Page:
Almost every major project in recent years has triggered social rejection and subsequent violent protests. Not only very expensive large-scale construction measures such as the Elbphilharmonie in Hamburg, Stuttgart 21, and the new Berlin Airport lead to great opposition in the population. The construction of wind turbines, for example, and power lines also encounters some fierce local opposition and protests. Another large project that has to contend with large problems gaining acceptance in Germany is fracking.
In a study recently accepted for publication, doctoral candidate Joséphine Süptitz, together with Professor Dr. Christian Schlereth, Chair of Digital Marketing at WHU – Otto Beisheim School of Management, addressed the low level of acceptance of fracking in Germany. The question they investigated was whether the opposition is actually a discussion carried on in ideological terms by a few representatives of opinion, or whether in fact the population is opposed to the topic. Furthermore, they developed a method that made the effect of acceptance-enhancing measures quantifiable.
There are six determinants of acceptance where fracking is concerned: water safety, earthquake risk, increased noise and traffic, harm to nature and the countryside, the approvals body involved and an uneven distribution of costs and benefits. The results of the study confirm a predominantly negative attitude on the part of the population; at the same time, however, they demonstrate that offering appropriate measures can increase the acceptance of fracking to up to 57 percent.
“Surprising is that direct compensation of nearby residents – through partial assumption of energy costs, for instance – was perceived negatively,” explains Joséphine Süptitz, adding: “We believe this is equated with an immoral bribery attempt. Indirect financial compensation for the community, on the other hand, has a positive effect on acceptance, such as through increased tax revenues.”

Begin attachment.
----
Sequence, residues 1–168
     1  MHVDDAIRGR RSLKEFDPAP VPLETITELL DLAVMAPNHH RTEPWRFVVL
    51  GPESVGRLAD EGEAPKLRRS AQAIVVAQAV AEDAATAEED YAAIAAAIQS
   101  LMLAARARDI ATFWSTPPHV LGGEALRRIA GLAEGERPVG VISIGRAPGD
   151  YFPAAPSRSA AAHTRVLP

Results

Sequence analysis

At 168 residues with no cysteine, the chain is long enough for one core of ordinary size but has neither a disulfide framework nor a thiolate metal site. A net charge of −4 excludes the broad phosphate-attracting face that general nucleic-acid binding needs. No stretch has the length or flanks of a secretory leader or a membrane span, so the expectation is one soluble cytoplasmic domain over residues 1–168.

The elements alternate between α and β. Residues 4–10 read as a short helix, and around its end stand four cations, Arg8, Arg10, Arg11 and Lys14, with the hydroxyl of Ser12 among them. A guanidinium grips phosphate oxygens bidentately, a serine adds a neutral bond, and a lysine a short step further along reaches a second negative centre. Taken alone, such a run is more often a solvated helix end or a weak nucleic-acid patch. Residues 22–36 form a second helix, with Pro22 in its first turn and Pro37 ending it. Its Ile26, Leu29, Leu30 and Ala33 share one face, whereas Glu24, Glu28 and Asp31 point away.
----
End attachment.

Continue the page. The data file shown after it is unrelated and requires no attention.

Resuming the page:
The study will appear in an upcoming issue of the renowned Schmalenbachs Zeitschrift für betriebswirtschaftliche Forschung. Süptitz already received the GEE Award of the Energy Forum in Berlin in 2014 for her study.
What is fracking?
Fracking, actually “hydraulic fracturing,” is a process used to extract natural gas and oil from so-called unconventional deposits. With this technology, a mixture of sand, water and chemicals is injected at high pressure between the deep layers of rock, tapping the diffuse deposits of gas or oil stored in these so-called “unconventional deposits.” In the United States, large-scale development of these deposits has already taken place, making United States now one of the world’s major oil producers. Fracking there is not only a high economic priority, but has also led to a better CO2balance sheet. What is problematic, however, is that fracking is suspected of promoting earthquakes, and the chemicals of contaminating drinking water. Other environmental risks have proven nearly impossible to assess to date. For commercial reasons, the German federal government decided in June 2016 to prohibit fracking, initially for a period of five years. The Bundestag is scheduled to revisit the issue in 2021.